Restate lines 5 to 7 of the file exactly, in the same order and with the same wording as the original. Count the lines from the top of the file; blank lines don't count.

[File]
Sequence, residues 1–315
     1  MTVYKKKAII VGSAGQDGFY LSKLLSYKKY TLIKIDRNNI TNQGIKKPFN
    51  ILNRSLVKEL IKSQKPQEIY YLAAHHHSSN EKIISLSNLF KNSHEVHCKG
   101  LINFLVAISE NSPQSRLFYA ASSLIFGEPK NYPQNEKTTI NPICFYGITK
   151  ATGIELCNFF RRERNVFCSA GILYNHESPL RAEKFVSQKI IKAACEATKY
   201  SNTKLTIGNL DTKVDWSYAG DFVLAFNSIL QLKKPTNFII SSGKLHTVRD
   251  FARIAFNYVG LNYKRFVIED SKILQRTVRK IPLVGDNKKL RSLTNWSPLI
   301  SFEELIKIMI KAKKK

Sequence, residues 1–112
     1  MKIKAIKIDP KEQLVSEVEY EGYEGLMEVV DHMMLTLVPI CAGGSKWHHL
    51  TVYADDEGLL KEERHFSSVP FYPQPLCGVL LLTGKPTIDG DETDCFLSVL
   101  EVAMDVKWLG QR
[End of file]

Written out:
   151  ATGIELCNFF RRERNVFCSA GILYNHESPL RAEKFVSQKI IKAACEATKY
   201  SNTKLTIGNL DTKVDWSYAG DFVLAFNSIL QLKKPTNFII SSGKLHTVRD
   251  FARIAFNYVG LNYKRFVIED SKILQRTVRK IPLVGDNKKL RSLTNWSPLI